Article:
eat only 95% of that amount. In both cases, he used the heavy-water
method to monitor cell division. The upshot was that the rate of
division in the calorie-restricted mice was 37% lower than that in those
mice that could eat as much as they wanted-which could have a
significant effect on the accumulation of cancer-causing mutations.

But calorie-reduction is not all the mice had to endure. They were, in
addition, fed only on alternate days: bingeing one day and starving the
next. There were two reasons for this. First, bingeing and starving is
how many animals tend to feed in the wild. The uncertain food supply
means they regularly go through cycles of too much and too little food
(it also means that they are often restricted to eating less than they
could manage if food were omnipresent). The reasoning here is that
metabolic processes evolved in a particular context and might be
expected to work best in that context. Replicate the evolutionary
context and you might get a better outcome.

The second reason, according to Elaine Hsieh, one of Dr Hellerstein's
colleagues, is that cutting just a few calories overall, but feeding
intermittently, may be a more feasible eating pattern for some people to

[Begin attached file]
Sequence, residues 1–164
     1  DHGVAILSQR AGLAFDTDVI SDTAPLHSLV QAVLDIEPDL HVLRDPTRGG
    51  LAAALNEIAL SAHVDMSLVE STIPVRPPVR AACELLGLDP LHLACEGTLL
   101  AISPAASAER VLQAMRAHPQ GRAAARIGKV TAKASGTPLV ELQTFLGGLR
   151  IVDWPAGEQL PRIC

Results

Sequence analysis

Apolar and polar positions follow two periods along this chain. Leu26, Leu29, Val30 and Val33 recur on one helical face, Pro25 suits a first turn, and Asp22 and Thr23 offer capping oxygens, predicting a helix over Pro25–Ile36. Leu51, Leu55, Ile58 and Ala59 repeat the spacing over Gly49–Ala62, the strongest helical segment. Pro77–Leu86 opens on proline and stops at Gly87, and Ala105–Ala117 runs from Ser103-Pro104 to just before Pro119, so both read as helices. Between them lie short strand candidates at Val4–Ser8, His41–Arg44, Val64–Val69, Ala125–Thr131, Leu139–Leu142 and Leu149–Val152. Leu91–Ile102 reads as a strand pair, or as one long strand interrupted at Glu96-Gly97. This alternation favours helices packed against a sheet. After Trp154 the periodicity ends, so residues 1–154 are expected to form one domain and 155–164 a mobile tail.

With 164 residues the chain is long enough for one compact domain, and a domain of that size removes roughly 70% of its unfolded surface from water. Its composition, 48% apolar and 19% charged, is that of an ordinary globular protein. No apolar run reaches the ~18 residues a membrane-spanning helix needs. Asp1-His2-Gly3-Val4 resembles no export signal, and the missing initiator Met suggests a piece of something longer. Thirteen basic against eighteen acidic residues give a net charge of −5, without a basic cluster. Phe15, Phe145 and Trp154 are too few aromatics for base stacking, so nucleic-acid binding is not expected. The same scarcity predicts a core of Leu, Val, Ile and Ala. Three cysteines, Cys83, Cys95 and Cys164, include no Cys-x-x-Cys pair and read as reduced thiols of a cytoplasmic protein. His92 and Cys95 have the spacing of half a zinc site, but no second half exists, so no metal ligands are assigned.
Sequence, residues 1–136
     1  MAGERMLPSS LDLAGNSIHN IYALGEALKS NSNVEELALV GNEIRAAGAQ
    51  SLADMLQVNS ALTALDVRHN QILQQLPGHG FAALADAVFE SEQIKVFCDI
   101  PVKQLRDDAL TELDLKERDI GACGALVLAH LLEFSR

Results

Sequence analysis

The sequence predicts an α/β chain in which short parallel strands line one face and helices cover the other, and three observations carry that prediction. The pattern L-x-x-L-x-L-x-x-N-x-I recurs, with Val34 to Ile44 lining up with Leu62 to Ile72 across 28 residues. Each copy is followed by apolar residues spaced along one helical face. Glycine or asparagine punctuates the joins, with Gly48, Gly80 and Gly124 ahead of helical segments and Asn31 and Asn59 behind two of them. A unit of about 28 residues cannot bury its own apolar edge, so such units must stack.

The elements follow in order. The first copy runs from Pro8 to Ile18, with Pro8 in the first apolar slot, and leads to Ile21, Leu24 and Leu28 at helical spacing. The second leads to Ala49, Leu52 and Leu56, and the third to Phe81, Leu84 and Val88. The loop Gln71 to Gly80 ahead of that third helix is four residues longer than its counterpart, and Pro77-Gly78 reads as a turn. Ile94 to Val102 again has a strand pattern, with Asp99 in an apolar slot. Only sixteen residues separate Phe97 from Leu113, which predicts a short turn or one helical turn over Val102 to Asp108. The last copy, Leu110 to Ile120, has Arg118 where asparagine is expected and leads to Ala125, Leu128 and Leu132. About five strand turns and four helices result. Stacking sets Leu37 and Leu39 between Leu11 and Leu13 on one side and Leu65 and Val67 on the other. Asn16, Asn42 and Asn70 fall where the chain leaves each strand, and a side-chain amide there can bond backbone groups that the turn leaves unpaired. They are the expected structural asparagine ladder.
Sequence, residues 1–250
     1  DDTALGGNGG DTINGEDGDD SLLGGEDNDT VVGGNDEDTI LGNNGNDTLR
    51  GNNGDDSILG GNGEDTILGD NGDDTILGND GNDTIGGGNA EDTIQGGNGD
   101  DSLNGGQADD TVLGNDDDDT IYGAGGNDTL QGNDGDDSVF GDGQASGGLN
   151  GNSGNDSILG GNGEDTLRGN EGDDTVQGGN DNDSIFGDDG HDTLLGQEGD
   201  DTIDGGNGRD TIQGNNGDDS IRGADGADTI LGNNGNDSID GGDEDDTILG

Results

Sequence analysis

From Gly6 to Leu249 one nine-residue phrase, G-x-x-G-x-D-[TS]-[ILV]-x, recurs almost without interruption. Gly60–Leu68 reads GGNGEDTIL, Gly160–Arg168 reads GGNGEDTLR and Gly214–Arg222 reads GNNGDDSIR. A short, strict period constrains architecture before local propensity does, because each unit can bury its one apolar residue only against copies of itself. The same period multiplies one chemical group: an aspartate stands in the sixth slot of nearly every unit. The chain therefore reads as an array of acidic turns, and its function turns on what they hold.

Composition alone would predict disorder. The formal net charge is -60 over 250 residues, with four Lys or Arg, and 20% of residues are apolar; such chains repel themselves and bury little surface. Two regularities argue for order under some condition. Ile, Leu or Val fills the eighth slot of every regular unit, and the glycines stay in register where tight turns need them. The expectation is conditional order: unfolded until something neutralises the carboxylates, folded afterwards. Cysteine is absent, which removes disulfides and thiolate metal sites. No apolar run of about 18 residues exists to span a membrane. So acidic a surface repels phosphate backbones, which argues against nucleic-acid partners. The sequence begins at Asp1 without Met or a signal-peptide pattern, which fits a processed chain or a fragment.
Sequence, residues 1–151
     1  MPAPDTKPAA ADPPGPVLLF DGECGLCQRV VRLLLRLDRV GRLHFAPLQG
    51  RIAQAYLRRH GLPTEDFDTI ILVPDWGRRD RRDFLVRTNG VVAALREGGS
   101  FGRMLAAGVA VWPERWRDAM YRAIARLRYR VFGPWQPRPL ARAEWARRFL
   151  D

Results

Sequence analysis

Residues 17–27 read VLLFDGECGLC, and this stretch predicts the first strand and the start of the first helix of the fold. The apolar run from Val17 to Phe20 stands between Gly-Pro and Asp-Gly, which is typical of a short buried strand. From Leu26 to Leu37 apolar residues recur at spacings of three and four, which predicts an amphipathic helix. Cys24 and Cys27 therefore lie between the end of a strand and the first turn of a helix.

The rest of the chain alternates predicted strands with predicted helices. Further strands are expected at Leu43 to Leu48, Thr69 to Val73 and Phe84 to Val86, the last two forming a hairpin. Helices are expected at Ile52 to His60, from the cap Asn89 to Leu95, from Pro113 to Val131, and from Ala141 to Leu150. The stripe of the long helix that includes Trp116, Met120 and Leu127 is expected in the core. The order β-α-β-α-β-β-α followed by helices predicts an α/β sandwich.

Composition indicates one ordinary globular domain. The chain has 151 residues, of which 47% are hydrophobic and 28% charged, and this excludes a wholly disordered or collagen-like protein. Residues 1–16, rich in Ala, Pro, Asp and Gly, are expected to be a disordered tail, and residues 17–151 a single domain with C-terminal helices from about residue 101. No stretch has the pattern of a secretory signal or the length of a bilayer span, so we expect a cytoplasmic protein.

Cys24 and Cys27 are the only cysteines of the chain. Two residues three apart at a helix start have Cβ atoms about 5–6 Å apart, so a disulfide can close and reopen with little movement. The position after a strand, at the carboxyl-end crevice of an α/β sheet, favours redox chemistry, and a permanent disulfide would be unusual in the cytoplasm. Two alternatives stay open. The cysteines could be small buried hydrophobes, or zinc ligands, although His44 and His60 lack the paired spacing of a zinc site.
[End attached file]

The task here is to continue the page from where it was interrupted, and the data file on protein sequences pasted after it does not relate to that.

maintain than making small reductions each and every day.

Whether modern man and woman, constantly surrounded by food and
advertisements for food, would really be able to forgo eating every
other day is debatable. But even if it does work (and Dr Hellerstein has
yet to prove that reduced cell division translates into longer life) the
temptations of life may prove just too much for wannabe Methuselahs.

From: "Steve Harris" <sbharris at ix.netcom.com>
Date: Tue, 5 Apr 2005 16:32:31 -0700
To: "Gerontology Research Group" <grg at lists.ucla.edu>

Argghh.  I saw this and just knew it would be 

1) These scientists screwed up, and forgot to have a control 
group which was fed every other day but the 100% caloric 
intake, not 95% of it. So they have *two* independent 
experimental effects, and since they have no control, they 
have no idea which effect is the predominant one on the 
dependent effect they measured, which is (remember) cell 
division (not cancer development or life span).

2) They are measuring a cell division, which is a *proxy* 
for cancer causation and life extension. It probably isn't a 
perfect one, because previous studies have shown that the 
cancer-reducing effects of calorie restriction are NOT 
dependent on interval of feeding, but ONLY on total calories 
consumed. So if these guys see a big effect of interval 
fasting on their proxy cell-division variable, it only 
serves to heighten suspicion that it's not a good 
proxy-variable all the time, not make us think that this 
diet regime will do the same job as a lot of calorie 
restriction. The anticancer effect of any dietary regime 
must be proven *directly*, and there's no getting around it.

3) Finally, due to the difference in specific metabolic 
rates, feeding a mouse every other day is like feeding a 
human every other WEEK. If there are any fasting effects 
that drastically slow down cell division, they're not going 
to work in humans as they do in mice without increasing the 
duration of the human fast by a factor of SEVEN, anyway. So 
it's probably just as well that all this isn't going to turn 
out to be as good a cancer preventive as the researchers 
think it will.

Steve Harris